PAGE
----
I don't know how to show roots on a computer, but it is one radical (the top being the third root) divided by the bottom radical (w/o a root) and both are inside a bigger radical (which would be the 5th root). I tried starting with making the third root into an exponent 1/3 and multiplying the top, then squaring both radicals to get rid of the radicals, but I am still left with a radical and the 5th root around the answer. Would I then square it again? HELP!!

You can show radicals as a fractional power ... for example...the third root of a would be shown as:
a^(1/3)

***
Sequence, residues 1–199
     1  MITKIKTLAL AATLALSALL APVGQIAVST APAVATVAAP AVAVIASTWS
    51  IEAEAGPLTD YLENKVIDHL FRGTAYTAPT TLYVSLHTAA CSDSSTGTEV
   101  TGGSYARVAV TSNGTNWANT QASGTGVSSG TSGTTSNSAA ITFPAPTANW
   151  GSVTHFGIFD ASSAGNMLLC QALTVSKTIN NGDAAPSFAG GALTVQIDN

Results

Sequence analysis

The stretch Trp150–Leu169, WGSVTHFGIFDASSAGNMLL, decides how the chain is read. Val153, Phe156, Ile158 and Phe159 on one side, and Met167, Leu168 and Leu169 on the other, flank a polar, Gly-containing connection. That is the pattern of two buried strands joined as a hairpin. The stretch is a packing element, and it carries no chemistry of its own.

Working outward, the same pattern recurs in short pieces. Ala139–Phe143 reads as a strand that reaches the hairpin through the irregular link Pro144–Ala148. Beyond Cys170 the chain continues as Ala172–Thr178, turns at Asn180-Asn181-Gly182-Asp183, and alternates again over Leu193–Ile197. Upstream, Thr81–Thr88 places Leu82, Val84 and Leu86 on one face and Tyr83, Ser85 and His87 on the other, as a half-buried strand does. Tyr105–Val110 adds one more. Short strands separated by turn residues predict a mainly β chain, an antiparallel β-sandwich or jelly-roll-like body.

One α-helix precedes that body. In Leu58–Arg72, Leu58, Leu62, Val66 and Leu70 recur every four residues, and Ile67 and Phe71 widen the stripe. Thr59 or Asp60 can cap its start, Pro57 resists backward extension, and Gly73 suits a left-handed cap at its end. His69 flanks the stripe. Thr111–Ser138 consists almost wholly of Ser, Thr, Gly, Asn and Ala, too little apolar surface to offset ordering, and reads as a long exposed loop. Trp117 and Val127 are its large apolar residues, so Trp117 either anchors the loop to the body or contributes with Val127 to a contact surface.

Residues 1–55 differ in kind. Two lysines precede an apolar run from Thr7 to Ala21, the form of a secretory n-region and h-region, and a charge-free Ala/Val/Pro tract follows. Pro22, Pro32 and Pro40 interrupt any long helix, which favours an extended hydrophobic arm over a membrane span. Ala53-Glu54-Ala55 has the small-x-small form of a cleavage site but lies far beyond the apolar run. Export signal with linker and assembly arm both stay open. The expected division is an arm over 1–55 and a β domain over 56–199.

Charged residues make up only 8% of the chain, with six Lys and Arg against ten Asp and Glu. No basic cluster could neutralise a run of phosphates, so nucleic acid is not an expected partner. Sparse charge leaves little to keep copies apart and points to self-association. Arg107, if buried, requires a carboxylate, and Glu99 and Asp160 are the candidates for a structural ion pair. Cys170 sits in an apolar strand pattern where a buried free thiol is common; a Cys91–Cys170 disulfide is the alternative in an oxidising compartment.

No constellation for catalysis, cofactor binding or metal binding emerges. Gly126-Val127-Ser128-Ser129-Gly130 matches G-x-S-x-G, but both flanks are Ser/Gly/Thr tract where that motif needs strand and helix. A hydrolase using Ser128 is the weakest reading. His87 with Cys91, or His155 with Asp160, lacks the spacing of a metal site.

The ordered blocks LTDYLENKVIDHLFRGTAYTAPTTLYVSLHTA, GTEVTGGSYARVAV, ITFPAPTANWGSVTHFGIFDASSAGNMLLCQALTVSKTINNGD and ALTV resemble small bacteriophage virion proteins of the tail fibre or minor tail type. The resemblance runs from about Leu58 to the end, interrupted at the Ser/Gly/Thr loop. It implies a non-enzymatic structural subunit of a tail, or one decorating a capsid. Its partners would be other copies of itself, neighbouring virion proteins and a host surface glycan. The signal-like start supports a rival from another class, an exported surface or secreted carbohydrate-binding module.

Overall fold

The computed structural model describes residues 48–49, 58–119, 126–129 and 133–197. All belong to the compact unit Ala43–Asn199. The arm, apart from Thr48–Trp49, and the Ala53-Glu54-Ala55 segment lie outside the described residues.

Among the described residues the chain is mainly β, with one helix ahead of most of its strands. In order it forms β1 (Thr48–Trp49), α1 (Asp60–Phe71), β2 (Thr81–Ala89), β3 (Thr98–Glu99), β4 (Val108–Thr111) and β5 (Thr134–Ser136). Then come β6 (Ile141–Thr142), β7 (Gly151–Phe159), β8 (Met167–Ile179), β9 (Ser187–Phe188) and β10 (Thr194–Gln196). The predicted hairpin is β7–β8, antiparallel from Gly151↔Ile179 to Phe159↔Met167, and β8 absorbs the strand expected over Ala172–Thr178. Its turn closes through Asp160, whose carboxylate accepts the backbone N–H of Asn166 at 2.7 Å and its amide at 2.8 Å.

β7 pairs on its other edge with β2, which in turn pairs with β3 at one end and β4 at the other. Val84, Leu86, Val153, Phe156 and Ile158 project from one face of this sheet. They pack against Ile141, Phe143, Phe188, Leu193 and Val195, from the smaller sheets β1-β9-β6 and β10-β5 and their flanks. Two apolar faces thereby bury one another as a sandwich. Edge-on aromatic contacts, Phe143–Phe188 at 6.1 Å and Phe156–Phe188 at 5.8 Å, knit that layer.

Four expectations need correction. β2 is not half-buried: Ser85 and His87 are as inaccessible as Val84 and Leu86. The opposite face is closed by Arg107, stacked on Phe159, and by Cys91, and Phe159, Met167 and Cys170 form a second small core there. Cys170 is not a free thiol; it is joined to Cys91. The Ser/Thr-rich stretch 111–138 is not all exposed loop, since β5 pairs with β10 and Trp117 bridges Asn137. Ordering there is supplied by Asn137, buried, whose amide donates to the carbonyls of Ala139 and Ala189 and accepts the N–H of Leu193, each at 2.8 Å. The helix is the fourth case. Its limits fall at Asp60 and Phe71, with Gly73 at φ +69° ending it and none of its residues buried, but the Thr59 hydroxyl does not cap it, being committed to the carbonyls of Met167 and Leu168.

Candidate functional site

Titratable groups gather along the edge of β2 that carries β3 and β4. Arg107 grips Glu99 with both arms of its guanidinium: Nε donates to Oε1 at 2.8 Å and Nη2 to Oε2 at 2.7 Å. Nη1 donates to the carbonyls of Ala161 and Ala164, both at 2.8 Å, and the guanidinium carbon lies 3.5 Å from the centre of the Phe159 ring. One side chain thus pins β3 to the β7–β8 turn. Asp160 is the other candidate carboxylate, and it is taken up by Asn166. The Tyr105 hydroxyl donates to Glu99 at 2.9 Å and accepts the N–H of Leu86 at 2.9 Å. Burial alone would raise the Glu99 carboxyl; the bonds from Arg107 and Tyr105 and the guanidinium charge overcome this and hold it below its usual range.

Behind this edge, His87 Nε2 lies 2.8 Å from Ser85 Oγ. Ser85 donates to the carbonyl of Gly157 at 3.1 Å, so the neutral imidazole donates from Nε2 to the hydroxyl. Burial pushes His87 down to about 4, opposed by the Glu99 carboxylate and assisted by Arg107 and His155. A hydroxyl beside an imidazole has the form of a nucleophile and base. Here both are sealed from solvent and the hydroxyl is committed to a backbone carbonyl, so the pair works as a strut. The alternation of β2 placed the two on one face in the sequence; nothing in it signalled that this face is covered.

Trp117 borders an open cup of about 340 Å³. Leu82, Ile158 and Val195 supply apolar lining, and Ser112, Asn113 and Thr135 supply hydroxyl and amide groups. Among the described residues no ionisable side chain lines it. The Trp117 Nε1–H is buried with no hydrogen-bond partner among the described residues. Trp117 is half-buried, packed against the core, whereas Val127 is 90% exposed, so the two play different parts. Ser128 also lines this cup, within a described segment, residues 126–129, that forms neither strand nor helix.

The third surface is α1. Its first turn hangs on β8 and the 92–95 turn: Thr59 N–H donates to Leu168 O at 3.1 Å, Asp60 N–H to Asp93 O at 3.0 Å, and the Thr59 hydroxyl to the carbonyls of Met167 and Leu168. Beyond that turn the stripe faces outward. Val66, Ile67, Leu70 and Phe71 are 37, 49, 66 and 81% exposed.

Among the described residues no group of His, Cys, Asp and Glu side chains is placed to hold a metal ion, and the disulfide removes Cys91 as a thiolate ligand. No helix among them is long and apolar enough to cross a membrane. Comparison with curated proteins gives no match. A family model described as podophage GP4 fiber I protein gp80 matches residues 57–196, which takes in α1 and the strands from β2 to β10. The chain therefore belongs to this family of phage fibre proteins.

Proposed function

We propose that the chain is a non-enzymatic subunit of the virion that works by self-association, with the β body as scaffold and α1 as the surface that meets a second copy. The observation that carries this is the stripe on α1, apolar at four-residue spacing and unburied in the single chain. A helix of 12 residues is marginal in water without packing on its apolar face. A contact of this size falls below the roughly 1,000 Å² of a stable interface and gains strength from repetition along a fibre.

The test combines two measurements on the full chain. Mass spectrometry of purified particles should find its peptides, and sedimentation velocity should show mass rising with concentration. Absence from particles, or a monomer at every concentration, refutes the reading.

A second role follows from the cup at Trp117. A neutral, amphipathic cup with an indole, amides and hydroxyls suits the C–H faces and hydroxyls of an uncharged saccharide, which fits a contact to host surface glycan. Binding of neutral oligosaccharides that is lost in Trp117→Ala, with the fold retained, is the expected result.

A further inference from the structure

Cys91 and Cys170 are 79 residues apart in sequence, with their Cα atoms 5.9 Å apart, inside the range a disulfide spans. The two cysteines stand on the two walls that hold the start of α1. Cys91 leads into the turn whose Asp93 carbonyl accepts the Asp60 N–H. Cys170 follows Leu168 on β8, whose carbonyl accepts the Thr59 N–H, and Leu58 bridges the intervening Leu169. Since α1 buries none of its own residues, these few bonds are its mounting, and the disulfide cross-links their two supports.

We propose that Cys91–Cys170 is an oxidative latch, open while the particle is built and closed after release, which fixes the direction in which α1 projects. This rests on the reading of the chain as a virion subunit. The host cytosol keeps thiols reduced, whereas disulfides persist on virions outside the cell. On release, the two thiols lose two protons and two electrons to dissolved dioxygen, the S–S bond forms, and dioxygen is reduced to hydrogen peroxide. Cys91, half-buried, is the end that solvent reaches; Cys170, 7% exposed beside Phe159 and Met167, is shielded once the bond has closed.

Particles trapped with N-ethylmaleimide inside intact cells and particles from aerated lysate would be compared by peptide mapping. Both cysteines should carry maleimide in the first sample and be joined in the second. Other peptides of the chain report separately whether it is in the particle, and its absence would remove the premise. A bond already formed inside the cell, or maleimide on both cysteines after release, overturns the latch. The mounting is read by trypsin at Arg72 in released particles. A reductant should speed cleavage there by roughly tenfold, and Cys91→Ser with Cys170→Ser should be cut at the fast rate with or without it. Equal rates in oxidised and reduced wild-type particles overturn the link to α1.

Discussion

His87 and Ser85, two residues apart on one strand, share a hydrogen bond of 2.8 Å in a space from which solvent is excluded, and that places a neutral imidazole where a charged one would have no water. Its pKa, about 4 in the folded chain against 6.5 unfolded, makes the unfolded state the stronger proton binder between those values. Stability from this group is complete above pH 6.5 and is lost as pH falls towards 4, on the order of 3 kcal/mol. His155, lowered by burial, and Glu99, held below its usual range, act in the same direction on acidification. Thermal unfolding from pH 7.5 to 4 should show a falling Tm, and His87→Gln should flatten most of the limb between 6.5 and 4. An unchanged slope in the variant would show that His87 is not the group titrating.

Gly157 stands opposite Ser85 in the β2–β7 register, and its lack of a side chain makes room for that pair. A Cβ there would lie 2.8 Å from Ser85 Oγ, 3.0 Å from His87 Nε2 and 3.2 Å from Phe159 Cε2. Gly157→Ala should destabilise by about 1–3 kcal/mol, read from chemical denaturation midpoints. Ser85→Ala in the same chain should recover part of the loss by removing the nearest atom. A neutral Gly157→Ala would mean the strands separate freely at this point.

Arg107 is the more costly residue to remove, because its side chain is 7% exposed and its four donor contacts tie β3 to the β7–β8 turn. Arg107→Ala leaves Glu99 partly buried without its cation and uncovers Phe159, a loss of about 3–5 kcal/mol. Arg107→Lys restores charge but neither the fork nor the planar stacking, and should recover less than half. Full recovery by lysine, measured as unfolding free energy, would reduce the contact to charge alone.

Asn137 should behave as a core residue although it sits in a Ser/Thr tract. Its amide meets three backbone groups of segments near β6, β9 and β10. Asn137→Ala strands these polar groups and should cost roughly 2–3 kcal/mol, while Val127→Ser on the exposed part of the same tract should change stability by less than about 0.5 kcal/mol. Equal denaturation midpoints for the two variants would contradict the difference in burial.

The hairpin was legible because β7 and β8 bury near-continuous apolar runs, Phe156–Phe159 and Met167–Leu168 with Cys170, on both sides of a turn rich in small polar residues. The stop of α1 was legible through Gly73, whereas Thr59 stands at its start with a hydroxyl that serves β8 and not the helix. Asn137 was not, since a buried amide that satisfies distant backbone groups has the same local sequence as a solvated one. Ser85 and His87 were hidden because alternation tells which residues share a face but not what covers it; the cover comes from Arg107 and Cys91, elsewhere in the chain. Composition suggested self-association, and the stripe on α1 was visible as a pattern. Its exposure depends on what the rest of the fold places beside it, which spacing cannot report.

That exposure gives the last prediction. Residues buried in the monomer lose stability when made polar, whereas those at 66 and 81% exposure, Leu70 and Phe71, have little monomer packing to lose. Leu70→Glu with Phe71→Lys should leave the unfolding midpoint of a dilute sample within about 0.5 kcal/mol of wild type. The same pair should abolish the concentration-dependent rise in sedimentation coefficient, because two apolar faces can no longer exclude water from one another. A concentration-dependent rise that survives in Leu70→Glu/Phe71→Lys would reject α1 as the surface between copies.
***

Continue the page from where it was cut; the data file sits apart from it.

So your problem, I think, would be written as:
[ [(a^2)b]^(1/3) / (ab)^(1/2)]^(1/5)
Now you multiply exponents: eg. (x^2)^3 = x^6
[ [ a^(2/3)b^(1/3) ] / a^(1/2)b^(1/2) ]^(1/5)
You subtract exponents when you divide: eg. x^5 / x^2 = x^3
[ [a^(1/6)b^(1/6)]^(1/5) now multiply exponents again
a^(1/30)b^(1/30) = (a/b)^(1/30)
Answer is the 30th root of (a/b)
a^(1/3)
So your problem, I think, would be written as:
[ [(a^2)b]^(1/3) / (ab)^(1/2)]^(1/5)
Now you multiply exponents: eg. (x^2)^3 = x^6
[ [ a^(2/3)b^(1/3) ] / a^(1/2)b^(1/2) ]^(1/5)
You subtract exponents when you divide: eg. x^5 / x^2 = x^3
[ [a^(1/6)b^(1/6)]^(1/5) now multiply exponents again
a^(1/30)b^(1/30) = (a/b)^(1/30)
Answer is the 30th root of (a/b)